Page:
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Home // Key species and habitats // Noble chafer beetles // Noble chafer beetle survey 2019

Noble chafer beetle survey 2019

Last summer PTES funded a new national noble chafer beetle survey. Hundreds of volunteers were sent a survey pack and asked to put up a (harmless!) trap and fit it with a lure. Thank you to everyone who has helped this year.

Results

Over 300 lures and 260 traps were sent out to volunteers across the country. We are still awaiting the final results but our interim report shows that we had records from 7 counties including records from Sussex and Devon where we haven’t previously known noble chafers were present. Steve, our Orchard Biodiversity Officer and Laura, our Conservation Officer put out traps at an orchard in Iwade, Kent (the only known noble chafer site in Kent). This orchard had been completely translocated from another site in 2011 to make way for housing. The trees have slowly been in decline and quite a few have died. However, one trap caught 2 different female noble chafers which was a great result and shows that there is still enough suitable habitat there at the moment.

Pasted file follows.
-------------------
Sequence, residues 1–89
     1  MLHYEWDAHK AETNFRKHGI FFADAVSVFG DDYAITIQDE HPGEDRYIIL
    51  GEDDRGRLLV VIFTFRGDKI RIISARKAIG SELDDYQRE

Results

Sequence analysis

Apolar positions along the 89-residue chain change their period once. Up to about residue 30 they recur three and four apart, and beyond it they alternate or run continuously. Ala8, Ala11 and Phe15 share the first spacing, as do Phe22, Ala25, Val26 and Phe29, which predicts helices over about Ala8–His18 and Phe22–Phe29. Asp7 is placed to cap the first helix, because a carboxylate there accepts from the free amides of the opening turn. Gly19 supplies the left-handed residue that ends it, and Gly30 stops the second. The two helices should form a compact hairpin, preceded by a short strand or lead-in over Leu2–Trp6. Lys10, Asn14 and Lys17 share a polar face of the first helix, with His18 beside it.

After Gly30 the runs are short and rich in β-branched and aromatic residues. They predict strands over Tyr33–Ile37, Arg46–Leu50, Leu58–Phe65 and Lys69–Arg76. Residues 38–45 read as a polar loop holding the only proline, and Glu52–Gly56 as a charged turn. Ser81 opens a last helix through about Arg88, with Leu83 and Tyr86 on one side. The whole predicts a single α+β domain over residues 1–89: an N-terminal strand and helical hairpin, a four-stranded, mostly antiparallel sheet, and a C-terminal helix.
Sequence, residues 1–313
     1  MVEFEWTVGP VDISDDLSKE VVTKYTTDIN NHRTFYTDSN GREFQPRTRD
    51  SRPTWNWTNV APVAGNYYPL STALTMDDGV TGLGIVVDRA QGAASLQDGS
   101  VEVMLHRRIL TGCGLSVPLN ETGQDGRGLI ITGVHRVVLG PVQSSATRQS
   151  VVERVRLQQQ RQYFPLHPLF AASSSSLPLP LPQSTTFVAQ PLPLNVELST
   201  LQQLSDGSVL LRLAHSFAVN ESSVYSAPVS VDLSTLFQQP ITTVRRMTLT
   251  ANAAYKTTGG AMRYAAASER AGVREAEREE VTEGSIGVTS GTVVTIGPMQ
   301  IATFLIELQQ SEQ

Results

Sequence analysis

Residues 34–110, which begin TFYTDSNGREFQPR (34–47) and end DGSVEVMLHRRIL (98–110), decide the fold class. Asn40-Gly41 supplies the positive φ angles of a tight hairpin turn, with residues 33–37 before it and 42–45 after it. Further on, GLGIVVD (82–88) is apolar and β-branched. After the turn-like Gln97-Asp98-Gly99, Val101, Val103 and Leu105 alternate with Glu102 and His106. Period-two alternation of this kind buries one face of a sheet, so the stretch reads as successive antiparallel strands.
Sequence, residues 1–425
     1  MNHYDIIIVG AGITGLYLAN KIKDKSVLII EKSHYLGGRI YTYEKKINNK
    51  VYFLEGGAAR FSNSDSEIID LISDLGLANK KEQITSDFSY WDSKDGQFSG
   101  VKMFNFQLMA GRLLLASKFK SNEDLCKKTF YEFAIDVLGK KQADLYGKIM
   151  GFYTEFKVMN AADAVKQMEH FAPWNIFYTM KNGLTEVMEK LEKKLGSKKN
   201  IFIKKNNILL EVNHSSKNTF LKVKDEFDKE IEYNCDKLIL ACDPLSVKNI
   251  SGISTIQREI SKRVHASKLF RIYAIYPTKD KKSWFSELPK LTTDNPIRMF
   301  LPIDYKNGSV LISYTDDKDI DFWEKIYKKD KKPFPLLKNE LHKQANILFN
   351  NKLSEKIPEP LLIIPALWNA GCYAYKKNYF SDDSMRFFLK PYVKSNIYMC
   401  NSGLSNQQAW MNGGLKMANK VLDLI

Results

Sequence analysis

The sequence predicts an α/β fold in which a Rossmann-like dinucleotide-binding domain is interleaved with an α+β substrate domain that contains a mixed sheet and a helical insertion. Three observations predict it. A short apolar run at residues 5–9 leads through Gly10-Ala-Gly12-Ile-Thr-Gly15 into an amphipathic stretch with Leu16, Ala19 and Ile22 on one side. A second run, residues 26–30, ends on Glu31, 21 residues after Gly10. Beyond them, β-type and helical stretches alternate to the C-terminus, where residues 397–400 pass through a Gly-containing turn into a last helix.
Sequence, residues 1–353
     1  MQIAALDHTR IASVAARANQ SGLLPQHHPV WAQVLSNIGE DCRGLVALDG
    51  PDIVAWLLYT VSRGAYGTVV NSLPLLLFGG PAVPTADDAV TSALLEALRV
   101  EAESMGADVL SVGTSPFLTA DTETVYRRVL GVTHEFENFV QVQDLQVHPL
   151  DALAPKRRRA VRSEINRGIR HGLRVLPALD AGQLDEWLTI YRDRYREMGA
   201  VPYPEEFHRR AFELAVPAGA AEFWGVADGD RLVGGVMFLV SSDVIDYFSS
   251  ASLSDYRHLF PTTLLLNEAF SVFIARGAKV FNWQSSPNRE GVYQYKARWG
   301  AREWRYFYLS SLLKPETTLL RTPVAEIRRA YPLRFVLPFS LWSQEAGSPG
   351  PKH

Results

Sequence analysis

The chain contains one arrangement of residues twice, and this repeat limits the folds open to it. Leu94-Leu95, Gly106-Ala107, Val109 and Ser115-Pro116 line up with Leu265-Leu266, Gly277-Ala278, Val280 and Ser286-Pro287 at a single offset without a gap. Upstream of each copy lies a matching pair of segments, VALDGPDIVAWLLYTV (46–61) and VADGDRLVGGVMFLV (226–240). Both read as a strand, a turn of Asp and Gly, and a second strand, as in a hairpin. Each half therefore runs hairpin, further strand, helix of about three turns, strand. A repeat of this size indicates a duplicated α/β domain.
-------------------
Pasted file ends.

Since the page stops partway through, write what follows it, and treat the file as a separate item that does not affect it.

How this will help rare noble chafers

We wanted to expand our knowledge of this beautiful beetle’s range so we decided to check orchards and wood pasture sites both in areas where they are currently known to exist, and in other areas where we don’t yet have records. Noble chafers have populations in the New Forest and in traditional orchards in Kent, the Three Counties and there are some isolated records in Buckinghamshire and Oxfordshire.

The lure in the traps was developed specifically for this beetle so it shouldn’t attract any other insects. It has also been shown to be very reliable. Hopefully the results of this survey should not only tell us where noble chafers are, but where they aren’t (or aren’t any more) which is incredibly important information for us to allow us to protect the species and their habitats in the future.

The survey was run by Deborah Harvey of Royal Holloway University, one of our research partners.

To learn more about noble chafer beetles and tell us about any other sightings click the green button below.

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